Home » Smart Meters for Off-Grid Electricity
Gram Power | India
$1,000,000 | Stage 2:Testing at Scale | Energy
The problem: Powering off-grid communities
Gram Power aims to deliver reliable, affordable electricity to part of the 2.6 billion people in the world who lack it, including nearly 380 million in rural India. “Rural electrification is a critical development challenge in low-income countries,” said Ted Miguel, faculty director at the Center for Effective Global Action and a UC Berkeley professor of economics. “It promises great social benefits but also risks real environmental damage. With this grant, we have an unprecedented opportunity to study these two issues simultaneously. Ideally, we’ll learn how we can encourage the spread of clean, efficient electrification.
The solution: Smarter payments for power
Gram Power, a start-up with ties to the University of California, Berkeley, provides power in places whose remoteness thwarts connection to a country’s main electrical grid. They combine locally generated electricity—typically via solar panels—with the company’s proprietary Smart Meters. The meters allow customers to purchase power in advance, much as they might buy pre-paid minutes for a cell phone, and track how much they’ve consumed. This pay-as-you-go approach lets consumers control their energy bills. Because the company locates its power sources close to customers, costs are low and little electricity is lost during transmission. Gram Power can also use its meters to detect any form of power theft on the electricity grid.
Researchers from UC Berkeley’s Energy Institute at Haas, Center for Effective Global Action (CEGA) and College of Engineering collaborated on the grant and will work alongside Gram Power to collect and analyze data on power usage by customers. By randomly selecting which of the communities enrolled in the study will receive Smart Grids, they will be able to compare household outcomes such as energy consumption, time use, and health, in communities with and without Gram Power-provided electricity. They will further evaluate incentives designed to encourage the adoption of energy-efficient appliances.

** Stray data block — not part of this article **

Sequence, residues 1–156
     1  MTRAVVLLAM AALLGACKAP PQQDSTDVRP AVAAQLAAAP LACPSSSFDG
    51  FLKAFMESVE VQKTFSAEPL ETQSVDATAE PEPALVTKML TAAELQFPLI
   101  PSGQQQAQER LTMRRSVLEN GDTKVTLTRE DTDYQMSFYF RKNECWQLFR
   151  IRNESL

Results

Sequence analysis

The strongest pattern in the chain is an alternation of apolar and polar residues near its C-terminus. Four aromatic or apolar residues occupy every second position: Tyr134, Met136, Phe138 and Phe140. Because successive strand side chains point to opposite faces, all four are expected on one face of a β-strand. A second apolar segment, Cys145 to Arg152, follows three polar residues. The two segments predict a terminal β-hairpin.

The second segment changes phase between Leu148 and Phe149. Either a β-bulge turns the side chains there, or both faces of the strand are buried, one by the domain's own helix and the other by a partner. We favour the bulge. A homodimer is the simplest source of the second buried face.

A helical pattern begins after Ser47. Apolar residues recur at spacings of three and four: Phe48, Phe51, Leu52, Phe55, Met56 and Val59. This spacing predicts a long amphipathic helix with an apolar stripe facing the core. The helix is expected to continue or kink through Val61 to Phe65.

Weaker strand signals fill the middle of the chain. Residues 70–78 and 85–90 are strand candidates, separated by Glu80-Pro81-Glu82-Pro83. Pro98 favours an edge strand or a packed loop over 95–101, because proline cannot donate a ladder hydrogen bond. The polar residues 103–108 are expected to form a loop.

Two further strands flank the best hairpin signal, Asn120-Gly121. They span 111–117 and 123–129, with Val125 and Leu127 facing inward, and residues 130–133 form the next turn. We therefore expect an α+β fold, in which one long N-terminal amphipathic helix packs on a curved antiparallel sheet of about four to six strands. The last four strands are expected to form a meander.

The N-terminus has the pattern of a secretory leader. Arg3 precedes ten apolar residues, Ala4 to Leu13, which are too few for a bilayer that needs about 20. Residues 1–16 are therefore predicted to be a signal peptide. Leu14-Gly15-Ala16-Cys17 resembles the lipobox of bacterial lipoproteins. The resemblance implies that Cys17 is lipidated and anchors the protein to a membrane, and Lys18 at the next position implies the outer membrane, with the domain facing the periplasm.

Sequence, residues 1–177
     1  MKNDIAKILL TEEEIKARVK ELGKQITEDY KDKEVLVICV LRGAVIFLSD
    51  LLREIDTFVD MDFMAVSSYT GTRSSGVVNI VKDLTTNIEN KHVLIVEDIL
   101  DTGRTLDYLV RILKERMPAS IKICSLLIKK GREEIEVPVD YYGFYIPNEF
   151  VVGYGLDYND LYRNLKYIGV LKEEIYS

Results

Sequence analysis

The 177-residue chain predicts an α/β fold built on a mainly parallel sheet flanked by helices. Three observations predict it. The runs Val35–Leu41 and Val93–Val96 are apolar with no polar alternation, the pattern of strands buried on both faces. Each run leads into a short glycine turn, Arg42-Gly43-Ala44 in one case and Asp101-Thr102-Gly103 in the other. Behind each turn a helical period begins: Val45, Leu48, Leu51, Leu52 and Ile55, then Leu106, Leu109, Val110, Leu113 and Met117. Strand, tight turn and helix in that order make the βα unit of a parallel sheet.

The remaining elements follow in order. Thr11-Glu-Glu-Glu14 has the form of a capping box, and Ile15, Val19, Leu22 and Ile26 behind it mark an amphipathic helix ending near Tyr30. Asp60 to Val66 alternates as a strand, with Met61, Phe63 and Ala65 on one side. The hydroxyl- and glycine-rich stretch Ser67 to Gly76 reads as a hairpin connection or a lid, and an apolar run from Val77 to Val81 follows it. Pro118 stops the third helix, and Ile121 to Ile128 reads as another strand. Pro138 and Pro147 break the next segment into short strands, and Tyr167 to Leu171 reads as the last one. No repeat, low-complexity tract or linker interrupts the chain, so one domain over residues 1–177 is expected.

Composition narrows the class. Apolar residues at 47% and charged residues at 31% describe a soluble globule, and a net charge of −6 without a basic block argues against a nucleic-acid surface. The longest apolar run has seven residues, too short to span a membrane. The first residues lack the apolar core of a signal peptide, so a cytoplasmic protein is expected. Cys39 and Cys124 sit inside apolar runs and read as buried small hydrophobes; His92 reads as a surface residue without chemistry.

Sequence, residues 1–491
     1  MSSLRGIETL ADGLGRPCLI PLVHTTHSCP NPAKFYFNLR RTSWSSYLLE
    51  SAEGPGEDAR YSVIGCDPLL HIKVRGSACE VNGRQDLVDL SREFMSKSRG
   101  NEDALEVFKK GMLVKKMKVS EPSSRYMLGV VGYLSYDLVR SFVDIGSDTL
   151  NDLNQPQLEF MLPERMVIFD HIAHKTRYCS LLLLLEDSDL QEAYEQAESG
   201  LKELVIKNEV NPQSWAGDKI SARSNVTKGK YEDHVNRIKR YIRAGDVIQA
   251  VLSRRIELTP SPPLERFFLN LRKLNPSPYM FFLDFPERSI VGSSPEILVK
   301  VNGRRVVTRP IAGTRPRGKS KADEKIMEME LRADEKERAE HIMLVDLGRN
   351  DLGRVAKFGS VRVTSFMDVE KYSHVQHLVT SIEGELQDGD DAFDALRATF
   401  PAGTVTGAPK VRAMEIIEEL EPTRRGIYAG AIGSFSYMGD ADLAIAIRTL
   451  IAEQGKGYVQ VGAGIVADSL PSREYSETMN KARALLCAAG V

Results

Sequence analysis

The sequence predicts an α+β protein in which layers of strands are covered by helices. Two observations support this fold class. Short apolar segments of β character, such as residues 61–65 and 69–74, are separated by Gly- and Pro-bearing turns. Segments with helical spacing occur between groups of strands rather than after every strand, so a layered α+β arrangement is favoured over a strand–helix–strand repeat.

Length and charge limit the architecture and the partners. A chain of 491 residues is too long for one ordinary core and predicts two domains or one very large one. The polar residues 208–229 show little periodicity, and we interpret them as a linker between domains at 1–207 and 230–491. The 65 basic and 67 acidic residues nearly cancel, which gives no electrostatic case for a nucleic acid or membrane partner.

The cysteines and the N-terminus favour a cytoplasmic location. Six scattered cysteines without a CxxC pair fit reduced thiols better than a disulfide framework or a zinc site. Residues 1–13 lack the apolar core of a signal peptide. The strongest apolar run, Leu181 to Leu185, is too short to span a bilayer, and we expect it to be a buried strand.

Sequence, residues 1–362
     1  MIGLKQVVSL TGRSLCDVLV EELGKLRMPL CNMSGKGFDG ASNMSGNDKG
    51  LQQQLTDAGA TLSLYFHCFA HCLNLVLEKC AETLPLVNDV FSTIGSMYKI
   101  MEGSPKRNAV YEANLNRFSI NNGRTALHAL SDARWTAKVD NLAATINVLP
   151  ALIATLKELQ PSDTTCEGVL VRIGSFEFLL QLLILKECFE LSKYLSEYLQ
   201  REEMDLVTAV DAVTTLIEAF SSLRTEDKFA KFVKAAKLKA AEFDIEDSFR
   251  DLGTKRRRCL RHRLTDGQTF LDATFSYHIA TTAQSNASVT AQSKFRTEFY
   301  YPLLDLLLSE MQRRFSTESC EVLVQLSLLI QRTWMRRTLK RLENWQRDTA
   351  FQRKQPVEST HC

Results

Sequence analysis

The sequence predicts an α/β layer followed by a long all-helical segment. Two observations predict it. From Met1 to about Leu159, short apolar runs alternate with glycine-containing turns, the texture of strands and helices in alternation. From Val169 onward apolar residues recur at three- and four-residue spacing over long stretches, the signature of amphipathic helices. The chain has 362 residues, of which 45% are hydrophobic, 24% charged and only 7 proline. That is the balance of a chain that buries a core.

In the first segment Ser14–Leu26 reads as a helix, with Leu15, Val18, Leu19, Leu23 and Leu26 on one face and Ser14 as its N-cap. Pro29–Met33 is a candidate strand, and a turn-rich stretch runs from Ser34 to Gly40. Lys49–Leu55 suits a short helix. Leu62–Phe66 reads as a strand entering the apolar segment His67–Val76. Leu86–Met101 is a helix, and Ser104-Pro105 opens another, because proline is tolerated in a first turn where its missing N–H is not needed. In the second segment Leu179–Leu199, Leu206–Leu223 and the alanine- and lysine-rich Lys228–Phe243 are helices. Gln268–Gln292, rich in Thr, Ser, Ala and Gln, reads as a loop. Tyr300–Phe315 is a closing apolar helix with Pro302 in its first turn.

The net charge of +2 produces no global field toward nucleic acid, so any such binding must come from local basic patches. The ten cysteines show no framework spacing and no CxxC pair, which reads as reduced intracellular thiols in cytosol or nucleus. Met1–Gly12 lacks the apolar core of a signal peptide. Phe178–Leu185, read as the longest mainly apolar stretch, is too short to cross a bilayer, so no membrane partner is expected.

“Working with UC Berkeley and USAID is enabling us to accelerate the introduction of Smart Grids,” said Yashraj Khaitan, Gram Power’s founder and CEO. “This grant means that thousands of households will soon be able to use appliances that people in the developed world take for granted—electric lights, fans, mobile-phone chargers, radios, and TVs. They’ll also switch from burning kerosene, which is polluting and unsafe, to using renewable power.”
The potential: Cost-effectiveness, impacts, and implications
Gram Power installed its first microgrid last year, and, by November of this year, will have installed 21. The company has identified nearly 300 villages in Rajasthan and Uttar Pradesh that are suitable for its technology. Support from USAID will enable Gram Power to install 40 of its Smart Grids in rural communities in the northern provinces of Rajasthan and Uttar Pradesh, providing reliable power to about 30,000 people. It is estimated that Gram Power can provide electricity for 30% of the costs of kerosene.
“By partnering with Gram Power, we’ll have access to rich data on household electricity usage in the developing world,” said Catherine Wolfram, co-director of the Energy Institute at Haas and professor, Haas Economic Analysis and Policy Group, UC Berkeley’s Haas School of Business. “Never before have we been able to see how newly connected households use power, so we’ll be able to learn more about how it changes their lives and what works best to induce efficient consumption.” The UC Berkeley researchers will also partner with the Abdul Latif Jameel Poverty Action Lab (J-PAL), a research network based at the Massachusetts Institute of Technology, to collect additional data through detailed household surveys. J-PAL will collect data from a total of about 1,600 households with and without Smart Grids, and assess how electrification affects their welfare.
Last updated: January 06, 2014